"This is very different from the typical Chinese diplomat, who is all about restraint and a collective approach [to external communication]," she said.
'Tell the China story well'
China's overseas propaganda offensive can be traced back to August 2013, when President Xi addressed the National Conference on Propaganda and Ideology, calling on officials and state-run media to "tell the China story well, and make sure China's voice is heard."
China diplomatic service swung into action in 2014, setting up social media accounts on Facebook and Twitter for its diplomatic missions around the world.
Social media, while blocked for ordinary people back home, is now seen as a key plank in Xi's drive to reshape China's international image.
Li said Beijing's propaganda specialists have now become adept at targeting different audiences around the world.
"On Twitter, they post more political statements and discussion of Chinese policy and stance, which fits the profile of Twitter users," she said. "A lot of Zhao's Twitter followers are international relations experts and journalists."
"Facebook users prefer to read more miscellaneous, leisure-related items, so the Chinese embassy in Italy, for example, will often post about Chinese food, places of natural beauty, history or idioms," Li said.
China is no stranger to information warfare, having honed its techniques last year on the anti-extradition and pro-democracy movement in Hong Kong last year, as well as the election campaign on the democratic island of Taiwan.
Nick Monaco, research director of the Digital Intelligence Lab (DigIntel) at the U.S.-based Institute for the Future, said China's online activity is now at unprecedented levels.
"There's many layers (spreading conspiracy theories). There are official accounts, and little pinks. They tweet, quote articles, and then expand the publicity through official media outlets such as China Daily and People's Daily. We're seeing a larger, more layers, and strategic disinformation campaign. "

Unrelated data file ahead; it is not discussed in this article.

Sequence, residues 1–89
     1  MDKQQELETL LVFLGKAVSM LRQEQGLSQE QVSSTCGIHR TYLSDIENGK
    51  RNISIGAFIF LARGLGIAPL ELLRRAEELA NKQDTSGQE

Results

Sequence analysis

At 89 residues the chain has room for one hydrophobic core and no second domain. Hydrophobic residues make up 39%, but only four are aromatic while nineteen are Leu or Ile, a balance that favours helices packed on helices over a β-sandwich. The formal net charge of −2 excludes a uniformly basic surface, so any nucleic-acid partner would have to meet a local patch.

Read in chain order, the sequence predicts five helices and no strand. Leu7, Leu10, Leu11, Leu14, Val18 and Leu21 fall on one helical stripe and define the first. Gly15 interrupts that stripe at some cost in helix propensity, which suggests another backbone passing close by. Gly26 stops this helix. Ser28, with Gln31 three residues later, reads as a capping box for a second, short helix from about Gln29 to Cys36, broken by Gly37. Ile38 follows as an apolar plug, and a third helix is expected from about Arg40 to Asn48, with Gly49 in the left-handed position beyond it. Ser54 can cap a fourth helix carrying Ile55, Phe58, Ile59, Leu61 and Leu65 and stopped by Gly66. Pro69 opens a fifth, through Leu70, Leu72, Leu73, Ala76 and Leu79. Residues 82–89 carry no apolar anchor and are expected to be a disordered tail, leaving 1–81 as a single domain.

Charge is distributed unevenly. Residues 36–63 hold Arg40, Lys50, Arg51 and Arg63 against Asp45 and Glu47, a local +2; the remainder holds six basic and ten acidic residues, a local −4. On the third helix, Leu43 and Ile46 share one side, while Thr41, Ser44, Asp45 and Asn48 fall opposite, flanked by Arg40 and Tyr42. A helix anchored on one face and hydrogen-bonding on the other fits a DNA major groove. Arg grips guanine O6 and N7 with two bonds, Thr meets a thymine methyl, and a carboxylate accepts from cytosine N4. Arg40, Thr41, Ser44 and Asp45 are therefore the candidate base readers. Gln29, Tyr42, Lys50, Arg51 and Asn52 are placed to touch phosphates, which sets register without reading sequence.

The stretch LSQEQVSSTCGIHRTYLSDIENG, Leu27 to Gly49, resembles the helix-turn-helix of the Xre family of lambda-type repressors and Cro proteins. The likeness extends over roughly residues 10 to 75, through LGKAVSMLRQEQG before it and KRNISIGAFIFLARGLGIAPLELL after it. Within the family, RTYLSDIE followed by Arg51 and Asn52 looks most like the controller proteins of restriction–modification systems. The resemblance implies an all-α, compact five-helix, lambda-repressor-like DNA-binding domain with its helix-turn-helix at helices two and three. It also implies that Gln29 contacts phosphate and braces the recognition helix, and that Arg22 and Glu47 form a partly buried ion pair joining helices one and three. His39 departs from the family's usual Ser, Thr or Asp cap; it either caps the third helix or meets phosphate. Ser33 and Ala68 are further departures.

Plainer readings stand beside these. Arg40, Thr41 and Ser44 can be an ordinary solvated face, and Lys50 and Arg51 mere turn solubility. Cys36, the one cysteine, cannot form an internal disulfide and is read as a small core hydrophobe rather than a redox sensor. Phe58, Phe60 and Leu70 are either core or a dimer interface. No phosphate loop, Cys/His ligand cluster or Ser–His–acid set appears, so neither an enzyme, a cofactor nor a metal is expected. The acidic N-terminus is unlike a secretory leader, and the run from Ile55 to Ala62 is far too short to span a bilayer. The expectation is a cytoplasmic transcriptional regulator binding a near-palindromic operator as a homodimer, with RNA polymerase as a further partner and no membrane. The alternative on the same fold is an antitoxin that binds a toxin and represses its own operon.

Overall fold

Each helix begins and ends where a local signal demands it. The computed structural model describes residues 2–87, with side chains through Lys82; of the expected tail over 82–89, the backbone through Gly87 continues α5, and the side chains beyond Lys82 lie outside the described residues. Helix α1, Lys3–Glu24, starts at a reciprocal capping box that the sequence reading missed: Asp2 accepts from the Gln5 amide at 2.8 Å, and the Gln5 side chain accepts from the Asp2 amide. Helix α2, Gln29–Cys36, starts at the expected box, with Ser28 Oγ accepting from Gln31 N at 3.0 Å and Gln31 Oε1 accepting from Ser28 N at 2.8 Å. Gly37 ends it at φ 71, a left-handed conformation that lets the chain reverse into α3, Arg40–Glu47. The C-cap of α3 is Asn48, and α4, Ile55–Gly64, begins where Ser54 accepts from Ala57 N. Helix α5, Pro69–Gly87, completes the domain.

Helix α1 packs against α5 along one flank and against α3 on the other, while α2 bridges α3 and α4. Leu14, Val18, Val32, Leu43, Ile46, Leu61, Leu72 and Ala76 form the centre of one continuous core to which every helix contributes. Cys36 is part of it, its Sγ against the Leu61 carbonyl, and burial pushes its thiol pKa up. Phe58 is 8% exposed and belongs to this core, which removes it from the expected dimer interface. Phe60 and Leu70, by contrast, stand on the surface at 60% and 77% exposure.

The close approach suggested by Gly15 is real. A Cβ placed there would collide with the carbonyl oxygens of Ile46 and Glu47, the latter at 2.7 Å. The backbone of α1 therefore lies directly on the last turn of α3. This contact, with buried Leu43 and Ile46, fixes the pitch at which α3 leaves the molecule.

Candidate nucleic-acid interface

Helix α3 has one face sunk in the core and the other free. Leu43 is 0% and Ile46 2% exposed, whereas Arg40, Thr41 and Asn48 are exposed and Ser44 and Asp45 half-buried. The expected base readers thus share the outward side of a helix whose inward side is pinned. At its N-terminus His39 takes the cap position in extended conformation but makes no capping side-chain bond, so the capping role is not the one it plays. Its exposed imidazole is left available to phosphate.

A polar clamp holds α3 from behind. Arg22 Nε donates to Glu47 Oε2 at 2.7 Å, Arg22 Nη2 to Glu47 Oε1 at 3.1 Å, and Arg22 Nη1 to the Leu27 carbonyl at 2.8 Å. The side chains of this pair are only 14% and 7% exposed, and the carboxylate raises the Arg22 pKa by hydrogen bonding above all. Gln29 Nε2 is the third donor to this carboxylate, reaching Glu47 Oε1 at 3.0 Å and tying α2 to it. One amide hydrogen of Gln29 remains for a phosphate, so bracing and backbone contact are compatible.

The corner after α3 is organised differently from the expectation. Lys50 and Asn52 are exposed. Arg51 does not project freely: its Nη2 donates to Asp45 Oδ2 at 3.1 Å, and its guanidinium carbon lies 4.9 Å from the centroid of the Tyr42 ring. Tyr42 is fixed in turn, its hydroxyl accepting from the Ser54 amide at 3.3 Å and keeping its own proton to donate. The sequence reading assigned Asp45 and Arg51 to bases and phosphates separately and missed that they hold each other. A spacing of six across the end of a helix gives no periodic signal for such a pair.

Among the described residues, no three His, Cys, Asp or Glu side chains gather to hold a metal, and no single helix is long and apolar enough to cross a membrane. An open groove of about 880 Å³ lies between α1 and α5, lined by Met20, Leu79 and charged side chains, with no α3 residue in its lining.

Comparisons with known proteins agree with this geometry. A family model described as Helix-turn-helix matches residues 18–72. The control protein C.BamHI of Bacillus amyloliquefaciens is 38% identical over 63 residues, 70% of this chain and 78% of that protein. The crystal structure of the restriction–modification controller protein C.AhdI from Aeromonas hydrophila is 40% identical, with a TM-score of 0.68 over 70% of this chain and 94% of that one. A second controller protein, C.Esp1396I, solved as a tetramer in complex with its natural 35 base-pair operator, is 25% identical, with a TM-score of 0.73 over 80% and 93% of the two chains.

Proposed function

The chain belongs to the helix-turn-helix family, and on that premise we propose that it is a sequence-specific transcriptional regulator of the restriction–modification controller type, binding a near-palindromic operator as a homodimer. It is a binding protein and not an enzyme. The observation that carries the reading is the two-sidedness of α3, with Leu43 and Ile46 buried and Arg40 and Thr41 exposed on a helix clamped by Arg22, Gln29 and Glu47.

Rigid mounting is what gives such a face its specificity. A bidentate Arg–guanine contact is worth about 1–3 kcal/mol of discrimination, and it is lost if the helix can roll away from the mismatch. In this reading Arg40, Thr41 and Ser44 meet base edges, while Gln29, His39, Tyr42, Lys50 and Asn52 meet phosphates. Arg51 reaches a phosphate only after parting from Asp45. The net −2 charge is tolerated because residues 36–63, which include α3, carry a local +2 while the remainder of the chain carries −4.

Disinfomation and conspiracy theories
Monaco said much of its content is disinfomation and conspiracy theories, making the fields of politics and public health ripe for exploitation.
He said the coronavirus pandemic -- where those areas overlap -- is a perfect opportunity for China to perfect its disinformation strategies
"Health and politics are the two main areas of online disinformation. When these two areas overlap, it is a good opportunity to create a perfect disinformation storm.".
Wu Min Hsuan of Taiwan's Doublethink Lab said China is cleverly leveraging a weakness of open platforms in democratic societies: their vulnerability to erroneous information and the difficulty of correcting errors once they have spread.
"China is creating opinion while at the same time controlling the media and censoring any opinions that oppose [the Chinese Communist Party]," Wu said.
He said Chinese official voices -- citing foreign ministry spokeswoman Hua Chunying as an example -- routinely block anyone on Twitter who opposes Beijing's viewpoint, including dissidents, journalists and lawmakers.
For Zhao Lijian at least, the strategy seems to be working.
Zhao's Twitter following has grown to more than half a million people in the past month or so, compared with 266,000 for Hua Chunying and just 88,000 for the official foreign ministry spokeperson account.
Reported by Jane Tang for RFA's Mandarin Service. Translated and edited by Luisetta Mudie.
Copyright © 1998-2018, RFA. Published with the permission of Radio Free Asia, 2025 M St. NW, Suite 300, Washington DC 20036